Europe needs a partnership policy with the South and the East

DISCLAIMER: All opinions in this column reflect the views of the author(s), not of EURACTIV Media network.

The challenge for Ursula von der Leyen, who has billed her new European Commission as a ‘geopolitical Commission’, is that the EU will have to improve its offer to African leaders, and quickly. [European Council]

A window of opportunity has opened for European policy since growth rates rebounded. But whether growth will continue for a time long enough for reducing the fiscal burden, unemployment and inequality depends on strategy changes, write Karl Aiginger and Heinz Handler.

Karl Aiginger is an Austrian economist and professor at the Vienna University of Economic and Business. Heinz Handler is WIFO Emeritus and deputy director of the European Policy Crossover Centre-Vienna Europe.

European growth will be much stronger if the stability the neighbourhood is restored. As the neighbourhood, we define countries outside of but close to geographical Europe. These countries have grown three times faster than the EU since 2000, but are very heterogeneous and ridden by political conflicts.

And migration waves were touched off by civil wars and climate catastrophes. The European Neighbourhood Policy (ENP) has been in place since 2004 but is not a top priority on the agenda of the European Commission or the member states.

What is done is dominated by the goal to stop migration, but does not address its root causes or develops a long-term partnership. This holds specifically for Africa, a continent with a population doubling in the next decades and the potential of becoming the “Next China”.

Game-changing principles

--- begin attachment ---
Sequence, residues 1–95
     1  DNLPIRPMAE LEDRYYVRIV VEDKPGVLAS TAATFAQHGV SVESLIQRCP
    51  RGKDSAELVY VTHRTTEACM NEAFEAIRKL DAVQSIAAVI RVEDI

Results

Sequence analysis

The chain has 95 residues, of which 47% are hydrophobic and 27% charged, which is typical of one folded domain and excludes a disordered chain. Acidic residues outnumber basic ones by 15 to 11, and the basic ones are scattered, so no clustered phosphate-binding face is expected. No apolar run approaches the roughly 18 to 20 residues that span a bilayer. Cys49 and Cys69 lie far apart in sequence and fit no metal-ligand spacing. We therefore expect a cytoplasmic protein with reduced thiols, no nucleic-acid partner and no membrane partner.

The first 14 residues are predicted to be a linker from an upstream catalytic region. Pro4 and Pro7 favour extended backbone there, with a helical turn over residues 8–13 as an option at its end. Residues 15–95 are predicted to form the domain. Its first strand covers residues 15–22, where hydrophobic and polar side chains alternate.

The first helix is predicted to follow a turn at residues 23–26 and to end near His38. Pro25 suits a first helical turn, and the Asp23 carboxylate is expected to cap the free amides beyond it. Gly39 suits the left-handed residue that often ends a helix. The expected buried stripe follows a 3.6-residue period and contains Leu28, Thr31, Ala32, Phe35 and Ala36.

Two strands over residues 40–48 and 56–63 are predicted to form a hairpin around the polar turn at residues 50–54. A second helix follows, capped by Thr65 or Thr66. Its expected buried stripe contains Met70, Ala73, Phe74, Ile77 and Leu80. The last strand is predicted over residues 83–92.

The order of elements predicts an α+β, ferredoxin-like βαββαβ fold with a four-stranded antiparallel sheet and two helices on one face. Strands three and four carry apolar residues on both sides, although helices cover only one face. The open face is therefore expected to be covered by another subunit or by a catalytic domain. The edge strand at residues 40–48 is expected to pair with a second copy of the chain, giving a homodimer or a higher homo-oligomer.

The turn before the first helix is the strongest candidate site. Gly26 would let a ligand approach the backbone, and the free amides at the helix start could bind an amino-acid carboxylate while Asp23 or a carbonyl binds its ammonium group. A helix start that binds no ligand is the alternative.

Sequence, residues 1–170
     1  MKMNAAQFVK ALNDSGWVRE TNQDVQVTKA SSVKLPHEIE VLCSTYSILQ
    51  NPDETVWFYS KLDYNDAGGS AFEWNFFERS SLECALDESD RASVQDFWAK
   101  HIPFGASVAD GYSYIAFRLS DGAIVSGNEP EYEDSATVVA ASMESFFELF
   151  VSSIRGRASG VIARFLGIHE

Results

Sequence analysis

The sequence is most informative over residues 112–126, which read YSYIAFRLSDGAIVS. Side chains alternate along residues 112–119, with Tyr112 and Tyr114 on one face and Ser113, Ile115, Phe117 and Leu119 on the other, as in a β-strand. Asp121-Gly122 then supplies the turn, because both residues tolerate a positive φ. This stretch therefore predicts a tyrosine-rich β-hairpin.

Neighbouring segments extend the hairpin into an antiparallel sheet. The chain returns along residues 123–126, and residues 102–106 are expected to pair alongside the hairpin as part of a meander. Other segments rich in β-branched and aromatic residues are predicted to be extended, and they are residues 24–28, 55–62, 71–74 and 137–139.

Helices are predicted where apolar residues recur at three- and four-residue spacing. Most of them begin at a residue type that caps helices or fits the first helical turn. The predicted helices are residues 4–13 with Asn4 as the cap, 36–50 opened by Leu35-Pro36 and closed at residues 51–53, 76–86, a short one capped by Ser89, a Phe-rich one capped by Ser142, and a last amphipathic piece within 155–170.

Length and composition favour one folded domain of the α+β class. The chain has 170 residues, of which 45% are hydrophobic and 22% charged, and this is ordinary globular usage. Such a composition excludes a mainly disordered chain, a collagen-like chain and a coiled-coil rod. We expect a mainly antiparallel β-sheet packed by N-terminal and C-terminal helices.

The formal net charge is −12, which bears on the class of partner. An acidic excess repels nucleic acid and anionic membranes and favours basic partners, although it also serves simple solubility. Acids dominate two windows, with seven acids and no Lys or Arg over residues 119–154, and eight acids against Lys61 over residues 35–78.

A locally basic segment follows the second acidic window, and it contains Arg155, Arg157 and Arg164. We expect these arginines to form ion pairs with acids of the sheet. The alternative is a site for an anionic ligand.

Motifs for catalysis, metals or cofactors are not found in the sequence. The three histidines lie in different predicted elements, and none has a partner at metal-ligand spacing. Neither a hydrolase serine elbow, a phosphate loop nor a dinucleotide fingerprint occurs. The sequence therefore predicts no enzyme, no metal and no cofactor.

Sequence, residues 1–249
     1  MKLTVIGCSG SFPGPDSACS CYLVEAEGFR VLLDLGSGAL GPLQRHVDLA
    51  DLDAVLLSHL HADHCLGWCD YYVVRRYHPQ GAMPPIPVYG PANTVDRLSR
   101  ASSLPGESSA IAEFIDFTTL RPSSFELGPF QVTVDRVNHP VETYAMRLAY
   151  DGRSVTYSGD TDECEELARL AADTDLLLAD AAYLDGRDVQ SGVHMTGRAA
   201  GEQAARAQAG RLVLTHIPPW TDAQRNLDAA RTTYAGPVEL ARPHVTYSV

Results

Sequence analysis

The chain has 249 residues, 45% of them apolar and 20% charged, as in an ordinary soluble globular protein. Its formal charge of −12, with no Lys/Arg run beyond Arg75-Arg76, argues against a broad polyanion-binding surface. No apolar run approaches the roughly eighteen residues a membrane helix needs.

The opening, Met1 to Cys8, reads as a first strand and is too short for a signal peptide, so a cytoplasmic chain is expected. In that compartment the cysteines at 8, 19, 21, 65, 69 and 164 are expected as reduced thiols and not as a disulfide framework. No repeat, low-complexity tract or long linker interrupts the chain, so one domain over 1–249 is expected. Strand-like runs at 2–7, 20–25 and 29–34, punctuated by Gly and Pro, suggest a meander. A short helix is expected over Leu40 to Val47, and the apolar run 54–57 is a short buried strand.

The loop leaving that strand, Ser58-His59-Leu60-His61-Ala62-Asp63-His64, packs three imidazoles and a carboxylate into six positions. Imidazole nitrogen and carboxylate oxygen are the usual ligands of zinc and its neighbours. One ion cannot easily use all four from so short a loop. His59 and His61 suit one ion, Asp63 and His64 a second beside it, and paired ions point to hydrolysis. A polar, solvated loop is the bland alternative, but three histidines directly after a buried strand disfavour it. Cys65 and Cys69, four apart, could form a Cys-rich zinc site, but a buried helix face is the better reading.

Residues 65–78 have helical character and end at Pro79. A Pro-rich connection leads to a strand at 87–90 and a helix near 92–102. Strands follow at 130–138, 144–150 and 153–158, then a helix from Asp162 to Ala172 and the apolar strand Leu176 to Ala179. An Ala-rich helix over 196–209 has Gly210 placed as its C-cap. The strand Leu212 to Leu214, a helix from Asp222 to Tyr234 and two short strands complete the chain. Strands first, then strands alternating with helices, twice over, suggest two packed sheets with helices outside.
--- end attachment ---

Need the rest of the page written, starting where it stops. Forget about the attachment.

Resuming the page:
A forward-looking policy can build on the existing initiatives. But priorities have to change to transform the initiatives into a “European Partnership Policy”.

It should start with a declaration of intent by the potential partners, in case of Africa on the upcoming summit in Abidjan. It should be followed by the commitment of Europe to an assistance program of additionally 100 bn € per year. Then a process should be defined how assistance gradually develops into the partnership and cooperation envisaged. We call this three-stage strategy

It has to be a multi-level approach with many actors on the side of Europe as well as in the partner regions, including the African Union and the European Union, the individual countries, civil organisations, NGO, private sponsors and grass root initiatives.

Emphasis should shift from physical investment to intangibles. These include education, stimulating new firms, but also improving institutions and preventing corruption. Education is the most important driver of growth and wellbeing; it reduces child mortality and extends life expectancy.

An exchange programme for students, teachers and internet users, but also for blue collar workers should be developed. The system of vocational training should be offered to interested neighbours. The programme would further develop the ideas of the Fulbright program which connected US institutions and people to those in Europe.